Review: Growing up, I watched many horror movies and usually found them more funny than actually scary. Most of the films I saw had a heightened sense of reality so you could always tell they were operating in the confines of a fantasy world and not based in reality. It was easy to disassociate with the blood and gore because you would see the edges of the make-up applied or would jokingly feel that the characters got what was coming to them for going camping in the woods where a madman was rumored to be lurking.

Then there are movies like Candyman.

As a teen, I remember seeing this some weeknight with my dad at the Mall of America (RIP General Cinema!) and not really knowing what to expect. Yikes, I was in for a shocking treat. Based on Clive Barker’s short story (which I read a few years ago and found quite spellbinding) and adapted by director Bernard Rose who changes the action from the UK’s rundown council house neighborhood to Chicago’s inner city slum, Candyman has had a lasting impression on me throughout the years. How can a movie I’ve seen at least a dozen times still make me keep a light on at night, still send a chill up my spine, still make me dread certain passages?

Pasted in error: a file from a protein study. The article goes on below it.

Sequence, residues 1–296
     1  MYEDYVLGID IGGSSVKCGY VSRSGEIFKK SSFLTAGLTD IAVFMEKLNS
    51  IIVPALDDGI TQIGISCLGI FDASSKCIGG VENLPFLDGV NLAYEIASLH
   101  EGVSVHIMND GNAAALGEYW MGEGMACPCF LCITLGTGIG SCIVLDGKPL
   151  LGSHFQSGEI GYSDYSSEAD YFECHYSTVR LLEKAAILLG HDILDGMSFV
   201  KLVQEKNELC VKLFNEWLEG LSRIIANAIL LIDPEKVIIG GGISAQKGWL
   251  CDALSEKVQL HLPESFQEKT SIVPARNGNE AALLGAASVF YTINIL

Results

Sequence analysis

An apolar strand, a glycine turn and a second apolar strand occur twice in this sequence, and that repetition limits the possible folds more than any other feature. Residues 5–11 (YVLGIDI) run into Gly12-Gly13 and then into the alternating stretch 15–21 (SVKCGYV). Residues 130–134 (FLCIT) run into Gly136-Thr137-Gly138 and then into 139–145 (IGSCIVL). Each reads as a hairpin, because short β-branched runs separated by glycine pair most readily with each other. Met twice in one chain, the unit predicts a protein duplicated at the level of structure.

Grad student Helen Lyle (Virgina Madsen, Joy, an inspring choice) is doing a study on modern urban legends with her colleague Bernadette (Kasi Lemmons, The Silence of the Lambs). While interviewing subjects they hear the tale of an invisible killer with a grotesque hook for a hand now said to haunt Chicago’s famed Cabrini Green housing project. Dubbed Candyman over time by the superstitious locals, Helen and Bernadette investigate the claims in an effort to support their thesis. The deeper into the mythology of Candyman (Tony Todd) Helen goes, the greater the danger as her cavalier skepticism rouses the fabled slayer to show up and make an example out of her.